Students at Oxford High School in Michigan were huddled together, silent, as a mass shooter stalked their hallways. Then came a voice from just outside the door. “Sheriff’s office,” the male voice said. “It’s safe to come out.”

They paused for a moment. Then someone replied, “We’re not willing to take that risk right now.” The man at the door protested. “Well come to the door and look at my badge, bro.”

With that, the students began to stir. “He said `bro'! He said ‘bro’!” one girl said.

“He said ‘bro.’ Red flag,” agreed a boy.

“Go, go!” someone cried, and suddenly the students all jumped, climbing through a window to the snowy ground outside, and then to safety.

As it turns out, the man outside the door was not the suspect, officials said Wednesday. But the moment, posted on TikTok and then circulated widely on other social media, captured for many not just the fear that gripped the students but the importance of training that has been drilled into American schoolchildren for decades now about how to handle an active shooter situation: with every possible caution.

States and school districts have considered and adopted a wide range of strategies meant to thwart potential attacks. That includes hardening buildings by limiting entry points, locking doors and installing surveillance cameras. Many have stationed police, known as school resource officers, into schools.

But many experts say that none of those strategies matter if students and staff are not properly trained in what to do when confronted with an active shooter.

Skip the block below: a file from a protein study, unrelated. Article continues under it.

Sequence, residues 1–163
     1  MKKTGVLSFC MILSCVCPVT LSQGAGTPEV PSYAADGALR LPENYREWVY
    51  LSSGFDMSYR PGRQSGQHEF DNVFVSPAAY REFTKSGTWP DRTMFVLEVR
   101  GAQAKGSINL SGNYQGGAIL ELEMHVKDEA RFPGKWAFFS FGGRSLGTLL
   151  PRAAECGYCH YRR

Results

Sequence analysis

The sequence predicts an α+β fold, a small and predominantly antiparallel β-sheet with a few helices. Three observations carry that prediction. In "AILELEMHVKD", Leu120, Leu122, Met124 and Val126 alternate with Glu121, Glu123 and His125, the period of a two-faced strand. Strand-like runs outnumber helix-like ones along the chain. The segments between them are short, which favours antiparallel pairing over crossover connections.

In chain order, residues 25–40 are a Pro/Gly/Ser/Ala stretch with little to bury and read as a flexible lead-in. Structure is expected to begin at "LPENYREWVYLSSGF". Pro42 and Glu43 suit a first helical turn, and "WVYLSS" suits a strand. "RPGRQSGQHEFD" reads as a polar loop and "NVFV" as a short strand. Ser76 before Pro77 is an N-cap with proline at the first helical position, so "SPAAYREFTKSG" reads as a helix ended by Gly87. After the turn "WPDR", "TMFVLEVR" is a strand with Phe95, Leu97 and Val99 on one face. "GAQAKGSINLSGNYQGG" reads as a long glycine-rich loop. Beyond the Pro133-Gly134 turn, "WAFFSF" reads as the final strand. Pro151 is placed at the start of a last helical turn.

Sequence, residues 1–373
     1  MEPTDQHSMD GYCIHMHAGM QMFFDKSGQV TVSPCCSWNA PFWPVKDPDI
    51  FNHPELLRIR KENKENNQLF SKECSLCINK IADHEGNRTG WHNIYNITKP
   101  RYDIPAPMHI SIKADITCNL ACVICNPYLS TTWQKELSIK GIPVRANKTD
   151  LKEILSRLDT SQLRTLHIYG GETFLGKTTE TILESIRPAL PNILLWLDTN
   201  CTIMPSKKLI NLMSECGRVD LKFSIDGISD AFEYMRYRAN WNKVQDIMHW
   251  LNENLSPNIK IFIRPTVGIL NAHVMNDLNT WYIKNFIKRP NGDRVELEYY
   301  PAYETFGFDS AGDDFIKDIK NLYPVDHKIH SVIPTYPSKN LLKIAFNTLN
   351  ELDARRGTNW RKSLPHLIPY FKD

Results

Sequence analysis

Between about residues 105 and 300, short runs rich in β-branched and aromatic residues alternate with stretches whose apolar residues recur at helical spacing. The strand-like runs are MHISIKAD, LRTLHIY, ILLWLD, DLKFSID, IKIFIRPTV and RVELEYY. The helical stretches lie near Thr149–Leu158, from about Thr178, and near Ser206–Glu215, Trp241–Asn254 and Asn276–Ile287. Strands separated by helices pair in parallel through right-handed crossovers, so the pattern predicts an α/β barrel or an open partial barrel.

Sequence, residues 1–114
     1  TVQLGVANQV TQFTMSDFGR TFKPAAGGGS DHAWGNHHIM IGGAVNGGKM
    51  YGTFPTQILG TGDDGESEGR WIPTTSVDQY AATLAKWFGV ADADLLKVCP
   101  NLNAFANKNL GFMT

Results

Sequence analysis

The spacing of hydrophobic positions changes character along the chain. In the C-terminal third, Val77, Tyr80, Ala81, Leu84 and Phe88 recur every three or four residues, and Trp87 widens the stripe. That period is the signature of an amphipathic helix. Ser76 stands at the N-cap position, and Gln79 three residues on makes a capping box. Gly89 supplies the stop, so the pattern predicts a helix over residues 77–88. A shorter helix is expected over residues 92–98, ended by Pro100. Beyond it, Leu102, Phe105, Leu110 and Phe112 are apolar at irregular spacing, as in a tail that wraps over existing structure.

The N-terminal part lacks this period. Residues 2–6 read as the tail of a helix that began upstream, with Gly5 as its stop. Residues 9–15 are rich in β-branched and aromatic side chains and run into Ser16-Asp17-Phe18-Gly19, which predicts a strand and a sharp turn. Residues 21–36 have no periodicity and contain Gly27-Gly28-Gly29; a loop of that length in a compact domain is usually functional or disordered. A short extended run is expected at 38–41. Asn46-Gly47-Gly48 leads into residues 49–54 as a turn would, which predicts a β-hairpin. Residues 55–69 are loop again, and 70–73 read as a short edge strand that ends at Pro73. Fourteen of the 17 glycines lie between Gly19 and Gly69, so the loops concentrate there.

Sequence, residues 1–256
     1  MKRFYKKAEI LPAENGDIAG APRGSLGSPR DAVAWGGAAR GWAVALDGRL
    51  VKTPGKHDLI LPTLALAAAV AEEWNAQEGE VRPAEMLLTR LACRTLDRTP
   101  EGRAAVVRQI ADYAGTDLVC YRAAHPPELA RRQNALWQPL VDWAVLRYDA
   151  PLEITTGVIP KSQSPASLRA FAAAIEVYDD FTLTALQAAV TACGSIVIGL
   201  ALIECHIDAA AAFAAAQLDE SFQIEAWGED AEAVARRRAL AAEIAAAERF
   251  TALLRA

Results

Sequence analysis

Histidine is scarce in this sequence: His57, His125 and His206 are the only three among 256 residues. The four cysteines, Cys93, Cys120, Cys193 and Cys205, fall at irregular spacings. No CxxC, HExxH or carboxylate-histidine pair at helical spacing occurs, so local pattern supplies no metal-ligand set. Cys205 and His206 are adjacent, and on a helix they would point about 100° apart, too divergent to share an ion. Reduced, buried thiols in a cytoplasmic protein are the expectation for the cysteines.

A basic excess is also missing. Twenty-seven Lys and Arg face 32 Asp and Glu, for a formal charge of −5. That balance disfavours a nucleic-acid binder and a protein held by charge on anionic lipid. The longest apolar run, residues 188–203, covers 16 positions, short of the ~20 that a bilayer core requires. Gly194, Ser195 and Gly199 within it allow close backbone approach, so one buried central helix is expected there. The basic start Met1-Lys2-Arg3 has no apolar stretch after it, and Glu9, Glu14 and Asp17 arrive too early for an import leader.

In the hours after the shooting outside Detroit on Tuesday, Oakland County Sheriff Michael Bouchard said that without the measures taken by students, the tragedy would have been worse.

“It is also evident from the scene that the lockdown protocols, training and equipment Oxford schools had in place saved lives,” he said in a statement.

Oakland County Sheriff Michael Bouchard shared the first details about the weapon used in the deadly shooting at Oxford High School on Nov. 30. (AP)

The Center for Homeland Defense and Security, which maintains a database of K-12 school shootings, has totaled nine active shooter incidents in schools this calendar year, in addition to more than 200 other incidents of gunfire on school grounds. A Washington Post database, which uses different criteria, tallied 34 acts of gun violence on K-12 campuses during regular school hours. This year has seen a record number of violent acts at schools, though no increase in mass shootings.

David Riedman, lead researcher on the K-12 School Shooting Database, said that the lockdown procedures that were deployed in Oxford, in which students sheltered and stayed out of sight, “absolutely saved lives.” The training that appeared to be on display in Michigan is similar to what students all over the country are taught, he said.

Another image from inside the school showed desks piled up to barricade a classroom door. A bullet had pierced the door but did not hit anybody. Aiden Page, a senior at Oxford High who took the photograph from inside the classroom, said the students followed the protocols they had been taught.